If travel, thunder, or fireworks upset your pet, he or she may benefit from tranquillisation or sedation. While sedated, the animal will stay awake or sleep lightly but can be roused when stimulated. To minimise any potential risk associated with tranquillisation or sedation, we need to assess each animal individually before we dispense these medications.
Please contact us if you would like to set up an assessment or discuss sedation with us.
Pain Management and Control
We know the issue of pain management is of great concern to pet owners today. As in human medicine, we have a variety of medications available to manage your pet’s pain both before and after surgery and in the event of trauma. We would be pleased to discuss the options available to you and your pet under any of the above circumstances.
We monitor our patients closely to keep them as safe as possible during procedures that require general anaesthesia. A veterinary technician will continually assess your pet’s heart and respiratory rate, blood pressure, and other vital signs to help prevent any anaesthetic risk.
Please feel free to ask us about our patient monitoring protocol or any concerns you might have about your pet’s procedure. We’d be happy to discuss these matters in more detail.
For some procedures, your pet will need to be administered general anaesthesia so that he or she will be unconscious and not feel pain. Many pet owners worry about their pets being administered general anaesthesia. We can assure you that modern anaesthesia is generally quite safe; to further lower any risk, we perform a physical examination and run blood work ahead of time to catch any underlying health issues. In addition, we follow a specific anaesthetic protocol, including monitoring vital signs during the procedure, to ensure the safety of our patients.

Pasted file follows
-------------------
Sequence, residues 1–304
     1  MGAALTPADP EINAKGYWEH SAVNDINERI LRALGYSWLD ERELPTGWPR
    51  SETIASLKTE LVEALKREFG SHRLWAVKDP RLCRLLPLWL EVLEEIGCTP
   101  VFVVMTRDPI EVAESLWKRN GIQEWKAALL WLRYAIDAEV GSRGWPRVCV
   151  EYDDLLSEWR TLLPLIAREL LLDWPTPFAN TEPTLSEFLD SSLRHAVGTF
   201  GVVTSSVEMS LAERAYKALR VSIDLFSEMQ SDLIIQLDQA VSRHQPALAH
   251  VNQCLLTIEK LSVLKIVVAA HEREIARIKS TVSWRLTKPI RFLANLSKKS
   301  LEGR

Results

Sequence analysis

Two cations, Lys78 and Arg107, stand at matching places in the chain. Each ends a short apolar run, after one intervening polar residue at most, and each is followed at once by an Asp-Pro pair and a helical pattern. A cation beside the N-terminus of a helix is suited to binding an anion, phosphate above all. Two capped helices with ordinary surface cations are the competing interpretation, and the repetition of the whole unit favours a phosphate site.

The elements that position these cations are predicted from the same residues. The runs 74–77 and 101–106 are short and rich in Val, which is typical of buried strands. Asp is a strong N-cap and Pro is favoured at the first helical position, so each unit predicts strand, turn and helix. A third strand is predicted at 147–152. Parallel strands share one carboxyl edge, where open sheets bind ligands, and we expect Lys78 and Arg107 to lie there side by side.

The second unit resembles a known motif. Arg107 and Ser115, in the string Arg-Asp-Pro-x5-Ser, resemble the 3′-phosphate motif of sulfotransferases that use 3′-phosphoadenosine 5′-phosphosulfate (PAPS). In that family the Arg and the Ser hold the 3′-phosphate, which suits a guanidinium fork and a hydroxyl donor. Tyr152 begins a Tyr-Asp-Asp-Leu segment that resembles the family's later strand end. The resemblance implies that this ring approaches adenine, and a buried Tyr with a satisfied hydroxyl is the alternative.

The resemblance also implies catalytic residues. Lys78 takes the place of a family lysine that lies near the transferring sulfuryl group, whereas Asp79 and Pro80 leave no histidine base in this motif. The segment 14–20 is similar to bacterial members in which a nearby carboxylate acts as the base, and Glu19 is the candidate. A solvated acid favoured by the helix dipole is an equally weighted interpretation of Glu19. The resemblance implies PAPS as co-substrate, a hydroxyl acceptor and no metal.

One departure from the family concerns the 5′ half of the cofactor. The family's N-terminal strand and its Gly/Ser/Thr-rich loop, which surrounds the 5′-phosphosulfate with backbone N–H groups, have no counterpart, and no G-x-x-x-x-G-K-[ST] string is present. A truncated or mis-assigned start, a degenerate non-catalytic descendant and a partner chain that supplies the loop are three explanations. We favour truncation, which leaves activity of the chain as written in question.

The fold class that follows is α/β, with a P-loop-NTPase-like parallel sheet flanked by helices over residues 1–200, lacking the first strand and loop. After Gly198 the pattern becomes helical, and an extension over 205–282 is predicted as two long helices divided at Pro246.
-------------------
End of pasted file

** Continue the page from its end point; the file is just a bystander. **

We begin most general anaesthetic procedures by administering a sedative to help your pet relax, and decrease any anxiety and pain. We then administer an intravenous drug to provide complete anaesthesia and place a breathing tube into the patient’s trachea (windpipe). To maintain the state of unconsciousness, we deliver a gas anaesthetic in combination with oxygen through the breathing tube.
Please contact us if you have any questions or concerns about your pet receiving general anaesthesia or about the procedure for which your pet is scheduled.
If your pet is having a minor surgical or diagnostic procedure performed, we sometimes use a local aesthetic to help control pain. For example, when we perform a biopsy (in which a small portion of tissue is surgically removed so it can be examined), we often use a local aesthetic. Local aesthetics cause a loss of sensation in the area where the procedure is being performed. We sometimes use a sedative and/or anxiolytic (anti-anxiety medication) in combination with the local anaesthetic to keep pets calm during a procedure.
Please contact us if you have any questions or concerns about your pet receiving local anaesthesia or about the procedure for which your pet is scheduled.